I would want to see a ghost.

I think.

It would depend on the mood – not of me, of the ghost. If this were a wistful spirit, even one with something left unfinished this side of the veil, that would be fine. If this were a spirit bent on vengeance, out to punish and to terrify anyone who showed up … well, obviously …

I’ve gone so many places in search of ghosts – Borley Rectory in England, The Hawthorne Hotel in Salem, MA (not to mention Gallows Hill in Salem, Massachusetts, which should be haunted, if anywhere on earth by the spirits of the unjustly executed), The Crescent Hotel in Eureka Springs, Arkansas, The Tower of London, Savannah’s Bonaventure Cemetery, Chicago’s Resurrection Cemetery (lots of cemeteries), Alcatraz, Emily’s Bridge in Stowe, Vermont … and even Lincoln Park Zoo (Yes, a zoo!) in my hometown of Chicago, which was built originally over a big cemetery.

There’s only one purportedly haunted place that I ever felt anything like a presence – although I didn’t see anything except a man sitting on a big rock, crying, whom no one else saw. I’m sure he was an actual living man. The place was Gettysburg National Battlefield Park and … from the moment I got out of the car, each of the four or five times I visited there, I felt a strange heaviness, even on a beautiful summer day – but then, the battle of Gettysburg took place on a beautiful summer day, July 1, 1863.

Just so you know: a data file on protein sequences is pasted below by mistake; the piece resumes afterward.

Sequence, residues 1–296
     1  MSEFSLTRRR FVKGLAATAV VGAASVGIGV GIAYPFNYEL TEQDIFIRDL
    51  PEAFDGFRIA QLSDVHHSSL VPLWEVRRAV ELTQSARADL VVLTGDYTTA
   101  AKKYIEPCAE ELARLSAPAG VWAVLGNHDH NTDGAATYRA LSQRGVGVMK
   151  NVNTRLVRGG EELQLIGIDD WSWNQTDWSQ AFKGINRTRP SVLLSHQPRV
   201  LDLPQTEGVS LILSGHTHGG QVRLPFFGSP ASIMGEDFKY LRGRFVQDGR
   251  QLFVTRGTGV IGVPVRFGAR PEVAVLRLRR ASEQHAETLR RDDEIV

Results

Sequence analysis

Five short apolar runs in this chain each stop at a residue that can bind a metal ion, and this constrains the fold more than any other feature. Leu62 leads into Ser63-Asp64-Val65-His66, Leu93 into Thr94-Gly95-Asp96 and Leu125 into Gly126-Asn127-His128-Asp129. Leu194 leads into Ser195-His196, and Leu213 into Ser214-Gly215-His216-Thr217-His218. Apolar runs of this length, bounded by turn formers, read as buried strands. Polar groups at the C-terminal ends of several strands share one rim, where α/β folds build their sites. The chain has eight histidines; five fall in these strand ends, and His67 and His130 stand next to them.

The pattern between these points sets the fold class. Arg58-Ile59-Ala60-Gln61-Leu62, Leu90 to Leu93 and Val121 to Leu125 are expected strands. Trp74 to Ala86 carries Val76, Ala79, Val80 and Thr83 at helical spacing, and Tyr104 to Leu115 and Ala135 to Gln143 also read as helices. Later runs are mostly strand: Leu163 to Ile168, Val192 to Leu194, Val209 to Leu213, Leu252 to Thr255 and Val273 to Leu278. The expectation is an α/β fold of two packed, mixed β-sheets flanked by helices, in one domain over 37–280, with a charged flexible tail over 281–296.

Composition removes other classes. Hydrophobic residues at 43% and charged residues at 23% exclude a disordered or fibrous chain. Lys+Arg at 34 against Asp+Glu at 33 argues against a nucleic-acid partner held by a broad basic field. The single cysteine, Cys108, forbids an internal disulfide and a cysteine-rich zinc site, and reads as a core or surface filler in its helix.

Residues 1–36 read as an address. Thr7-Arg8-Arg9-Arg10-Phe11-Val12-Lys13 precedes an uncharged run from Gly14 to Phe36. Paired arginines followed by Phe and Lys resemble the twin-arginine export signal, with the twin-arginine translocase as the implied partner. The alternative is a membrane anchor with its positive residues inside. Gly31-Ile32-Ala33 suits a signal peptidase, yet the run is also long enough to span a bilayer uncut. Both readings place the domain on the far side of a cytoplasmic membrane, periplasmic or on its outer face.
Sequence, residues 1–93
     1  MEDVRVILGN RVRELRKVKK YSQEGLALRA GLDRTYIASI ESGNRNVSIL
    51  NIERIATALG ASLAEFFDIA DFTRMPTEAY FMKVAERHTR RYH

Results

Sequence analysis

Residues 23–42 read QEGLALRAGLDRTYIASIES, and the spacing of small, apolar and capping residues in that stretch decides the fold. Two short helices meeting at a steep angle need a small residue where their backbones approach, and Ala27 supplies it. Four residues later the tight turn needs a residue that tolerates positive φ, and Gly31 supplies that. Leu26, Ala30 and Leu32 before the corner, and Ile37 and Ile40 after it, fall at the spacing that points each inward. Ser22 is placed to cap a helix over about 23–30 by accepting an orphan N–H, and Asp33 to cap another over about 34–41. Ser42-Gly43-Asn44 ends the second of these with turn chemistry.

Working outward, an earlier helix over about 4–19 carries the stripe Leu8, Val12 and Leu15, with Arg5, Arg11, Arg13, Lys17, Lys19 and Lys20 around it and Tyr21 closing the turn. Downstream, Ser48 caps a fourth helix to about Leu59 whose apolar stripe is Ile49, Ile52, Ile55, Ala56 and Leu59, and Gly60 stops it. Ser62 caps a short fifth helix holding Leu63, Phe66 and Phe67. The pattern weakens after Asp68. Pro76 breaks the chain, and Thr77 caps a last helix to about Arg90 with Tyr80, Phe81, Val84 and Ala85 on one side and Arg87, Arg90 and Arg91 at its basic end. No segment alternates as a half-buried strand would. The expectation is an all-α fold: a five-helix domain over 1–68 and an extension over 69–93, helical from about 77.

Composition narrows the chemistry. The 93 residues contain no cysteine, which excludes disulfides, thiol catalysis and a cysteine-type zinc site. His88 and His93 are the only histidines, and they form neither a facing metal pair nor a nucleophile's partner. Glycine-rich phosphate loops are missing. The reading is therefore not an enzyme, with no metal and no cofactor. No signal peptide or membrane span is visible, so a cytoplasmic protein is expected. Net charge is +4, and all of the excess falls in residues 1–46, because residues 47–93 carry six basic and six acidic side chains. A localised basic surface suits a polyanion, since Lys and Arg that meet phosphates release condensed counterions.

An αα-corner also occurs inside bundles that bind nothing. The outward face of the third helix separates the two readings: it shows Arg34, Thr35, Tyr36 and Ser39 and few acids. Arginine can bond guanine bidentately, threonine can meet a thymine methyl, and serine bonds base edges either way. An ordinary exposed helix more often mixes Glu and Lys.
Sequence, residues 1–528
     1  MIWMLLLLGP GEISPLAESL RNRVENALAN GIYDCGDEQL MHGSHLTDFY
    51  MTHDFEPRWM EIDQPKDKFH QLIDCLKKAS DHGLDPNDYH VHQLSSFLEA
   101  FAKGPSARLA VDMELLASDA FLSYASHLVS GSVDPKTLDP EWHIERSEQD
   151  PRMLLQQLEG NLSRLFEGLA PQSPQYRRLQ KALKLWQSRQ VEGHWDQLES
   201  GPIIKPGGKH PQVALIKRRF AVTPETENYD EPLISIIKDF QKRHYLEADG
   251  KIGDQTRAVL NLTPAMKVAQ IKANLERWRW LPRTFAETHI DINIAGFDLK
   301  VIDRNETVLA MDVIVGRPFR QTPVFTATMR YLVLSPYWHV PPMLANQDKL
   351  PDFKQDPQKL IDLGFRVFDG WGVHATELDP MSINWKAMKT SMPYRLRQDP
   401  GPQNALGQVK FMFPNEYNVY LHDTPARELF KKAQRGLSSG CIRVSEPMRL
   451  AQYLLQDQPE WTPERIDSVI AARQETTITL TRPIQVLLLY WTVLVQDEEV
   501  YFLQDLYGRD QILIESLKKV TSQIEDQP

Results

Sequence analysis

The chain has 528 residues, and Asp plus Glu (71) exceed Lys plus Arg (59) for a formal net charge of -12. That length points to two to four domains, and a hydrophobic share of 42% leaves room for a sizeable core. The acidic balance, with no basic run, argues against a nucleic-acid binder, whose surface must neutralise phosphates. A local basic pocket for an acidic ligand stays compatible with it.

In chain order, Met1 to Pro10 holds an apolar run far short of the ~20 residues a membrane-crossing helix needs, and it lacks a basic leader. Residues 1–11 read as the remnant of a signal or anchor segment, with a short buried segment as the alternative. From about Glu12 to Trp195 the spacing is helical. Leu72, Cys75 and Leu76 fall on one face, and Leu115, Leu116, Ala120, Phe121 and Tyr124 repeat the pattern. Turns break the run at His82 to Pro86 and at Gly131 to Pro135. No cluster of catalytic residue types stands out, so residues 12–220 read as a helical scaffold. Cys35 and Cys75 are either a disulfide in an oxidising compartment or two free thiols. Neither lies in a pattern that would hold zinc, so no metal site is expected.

The first time I went to Gettysburg and felt that haunting sadness, I didn’t even know where I was. My newlywed husband and I were driving east from Wisconsin and I fell asleep in the car and when I awoke, I had to ask him, where are we? We were near the Trostle Farm, where a cannon there is named “Cora,” a tribute to the wife of one of the soldiers of the 9th Massachusetts, mustered in Lynnfield, Massachusetts, about an hour and a half from where I am right now. They were a long way from home. They were like the graves of the soldiers rom New Hampshire whom Thornton Wilder famously wrote about in Our Town, “Iron flags on their graves. Had a notion that the Union ought to be kept together, though they’d never seen more than fifty miles of it themselves.”

Most of them were younger, the age my high-school sons are now. I guess maybe that a place that holds so many lives frozen in their bloom, so many dreams blasted in mid-flight, so many hearts broken … a place of consummate violence and pain, well, those hopes, if not the people themselves, might be ghosts. – JM

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